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SC Rewind: Remembering Quebec City

Published: March 17, 2018 9:33 am ET

Last Comment: March 22, 2018 1:57 pm ET | 13 Comment(s) | Jump to Comments

In this week's edition of Rewind Robert Smith recalls the once great racing centre located at Quebec City as part of the ongoing Golden Memories series. Much of his story is told by the old photographs that serve as a reminder of what a great place this once was.


An aerial view of the beautiful track at Quebec City in the 1950's. It was a fine example of what the Province had to offer back in the 1950's (Harness Horse)


In the early 1950's, the Province of Quebec was among the most popular and progressive locations in the world of harness racing. While the big tracks in Montreal were most publicized, several other locations were annually growing by leaps and bounds as well. Leading the way in virtually every category was the track in Quebec City. It was not only a great racing centre, it also featured a beautiful track layout with architecture and grounds seldom if ever seen at a racecourse.

The Quebec City track was far from being just for locals, it attracted horse people from far and wide and frequently drew fairly large stables from Western Canada that travelled by rail car, a trip that took a long time. One veteran horseman from Manitoba once told me that the men rode right in with the horses and that they packed mattresses but seldom used them because of the "swing and sway" of the fast-moving train.

Also listed among those who frequently raced at Quebec City (which I believe was at times also referred to as "Exposition Park") were many horsemen from the Maritimes, Ontario and parts of the Eastern U.S., particularly the New England states. For many years this quaint track staged rather long racing seasons where a lot of well known stables competed year after year.


A close finish in a $1,000 purse race in 1950. Purses of that magnitude were not too common back then. ​Hollyrood Dewey (1-Marvis) winning first heat of $1,000 15 Trot over Max Bingen (2-Ratte), Roxie Hanover (3-Cantin), Joe's Judge (4-Brown) and Worthy Petrella (5-Giguere).

 


A rather old photo shows Poplar Dale, the winner of the 1948 Quebec Derby which carried a purse of $1,500. The winning horse was purchased the previous year for $4,675 at Harrisburg and immediately following this three-heat victory was sold for $8,000 to Rosaire Rivard of Three Rivers. In this photo the owner Eugene Catellier is shown at the horse's head while driver Emile Ratte is in the sulky. The lady holding the tray is unidentified (Harness Horse)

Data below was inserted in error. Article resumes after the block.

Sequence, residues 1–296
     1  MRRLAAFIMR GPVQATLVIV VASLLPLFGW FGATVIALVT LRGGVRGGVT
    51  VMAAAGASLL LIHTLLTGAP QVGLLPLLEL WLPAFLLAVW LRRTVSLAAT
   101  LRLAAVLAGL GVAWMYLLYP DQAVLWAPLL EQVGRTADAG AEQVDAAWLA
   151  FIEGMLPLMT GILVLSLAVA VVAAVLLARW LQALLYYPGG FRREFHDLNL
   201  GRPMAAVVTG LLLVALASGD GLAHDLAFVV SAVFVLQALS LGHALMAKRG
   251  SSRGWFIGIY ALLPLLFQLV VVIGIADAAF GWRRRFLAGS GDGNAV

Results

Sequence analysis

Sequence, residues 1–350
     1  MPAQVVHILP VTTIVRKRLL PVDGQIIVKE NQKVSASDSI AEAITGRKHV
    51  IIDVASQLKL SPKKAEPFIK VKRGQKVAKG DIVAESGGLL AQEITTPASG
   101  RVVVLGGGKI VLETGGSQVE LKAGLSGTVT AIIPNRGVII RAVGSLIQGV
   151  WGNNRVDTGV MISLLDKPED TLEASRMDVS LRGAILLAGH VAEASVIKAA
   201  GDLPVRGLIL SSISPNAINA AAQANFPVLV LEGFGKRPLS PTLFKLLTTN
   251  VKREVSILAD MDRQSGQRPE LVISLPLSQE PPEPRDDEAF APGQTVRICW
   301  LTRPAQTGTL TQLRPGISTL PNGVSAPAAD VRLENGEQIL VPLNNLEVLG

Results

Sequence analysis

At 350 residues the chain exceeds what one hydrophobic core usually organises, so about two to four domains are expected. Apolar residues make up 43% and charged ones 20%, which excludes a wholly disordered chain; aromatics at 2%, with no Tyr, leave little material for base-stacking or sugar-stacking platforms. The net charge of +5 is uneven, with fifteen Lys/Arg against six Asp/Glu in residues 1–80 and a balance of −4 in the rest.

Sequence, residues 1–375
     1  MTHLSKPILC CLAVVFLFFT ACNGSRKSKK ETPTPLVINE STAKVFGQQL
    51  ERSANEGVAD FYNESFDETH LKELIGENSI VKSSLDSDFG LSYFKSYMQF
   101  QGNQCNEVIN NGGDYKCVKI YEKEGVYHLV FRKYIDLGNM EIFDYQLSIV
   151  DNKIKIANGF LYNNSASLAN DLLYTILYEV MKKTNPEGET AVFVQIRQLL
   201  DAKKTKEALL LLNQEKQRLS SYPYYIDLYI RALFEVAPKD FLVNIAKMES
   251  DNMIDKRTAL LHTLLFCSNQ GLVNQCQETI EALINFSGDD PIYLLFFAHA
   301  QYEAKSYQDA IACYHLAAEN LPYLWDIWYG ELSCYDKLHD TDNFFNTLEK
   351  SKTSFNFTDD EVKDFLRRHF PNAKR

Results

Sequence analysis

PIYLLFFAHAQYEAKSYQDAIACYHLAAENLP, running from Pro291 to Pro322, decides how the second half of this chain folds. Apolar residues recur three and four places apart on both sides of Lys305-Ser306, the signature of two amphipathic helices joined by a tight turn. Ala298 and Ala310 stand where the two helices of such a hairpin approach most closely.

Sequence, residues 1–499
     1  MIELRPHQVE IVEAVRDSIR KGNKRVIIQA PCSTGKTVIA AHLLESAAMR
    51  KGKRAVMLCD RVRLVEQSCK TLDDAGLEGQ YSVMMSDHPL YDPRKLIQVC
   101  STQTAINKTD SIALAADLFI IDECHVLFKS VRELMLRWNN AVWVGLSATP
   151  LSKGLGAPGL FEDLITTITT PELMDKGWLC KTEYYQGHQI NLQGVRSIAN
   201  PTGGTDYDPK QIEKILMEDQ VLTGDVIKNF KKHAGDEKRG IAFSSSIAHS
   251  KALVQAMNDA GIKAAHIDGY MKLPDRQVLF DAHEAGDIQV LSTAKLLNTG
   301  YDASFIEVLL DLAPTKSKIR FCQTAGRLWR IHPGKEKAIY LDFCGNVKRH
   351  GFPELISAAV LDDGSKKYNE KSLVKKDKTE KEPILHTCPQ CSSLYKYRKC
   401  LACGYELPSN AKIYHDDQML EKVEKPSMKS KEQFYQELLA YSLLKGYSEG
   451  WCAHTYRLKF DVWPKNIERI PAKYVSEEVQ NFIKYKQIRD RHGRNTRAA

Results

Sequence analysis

A infield view showing the beautiful flower beds and interior training track (Harness Horse)


When the 1952 racing season at Quebec City ended on October 26, 1952 a page was added to the history of the harness racing sport. It was the 98th program of racing presented at the Quebec City track which set a new Canadian record for the number of meetings offered during an entire season. Another new high was recorded as 312,115 fans paid their attendance to attend what was considered the "most modern" track in Canada. While it reflected an upward trend across the board, it definitely showed that devotees of the harness sport in the Province of Quebec were leading the way. From a betting standpoint the totals were just as impressive.

As recently as 1947, just 21 programs were presented with an attendance of only 31,500. At about this time the Quebec Harness Racing Club Reg'd. took charge of the track and in 1948 floodlights were installed thus paving the way for night racing. In 1948 a vast increase in programs was implemented and the response was phenomenal as just over 139,000 patrons viewed the 62 meetings; many held under the lights. In 1948 the purses paid out totalled less than $110,000 and by 1952 the amount more than doubled to $251,465.



A view of the front entrance displaying some beautiful architecture as well as a full parking lot (Harness Horse)

During this time period, a mere five years, the track itself was transformed into one of the most attractive and modern in Canada and indeed the equal of many of the U.S. operations. The number of stalls was increased from 154 to 485 and a jogging track was laid out in the inside of the regular race track. In the infield of these ovals beautiful flowerbeds were laid out in a professional manner and featured over 40,000 plants embellishing the entire grounds. A greenhouse capable of producing 70,000 plants per year was also being built at this time to be managed by the gardener of the Club. To put it mildly it was a showplace.


Much of the success of the operation could be directly credited to a quartet of dedicated directors of the Quebec Racing Club. Shown above are from left Henri Bertrand, Jacques Gravel, Jos. Cauchon and Jules Giguere, all regarded as pioneers of harness racing in the Province of Quebec (Harness Horse)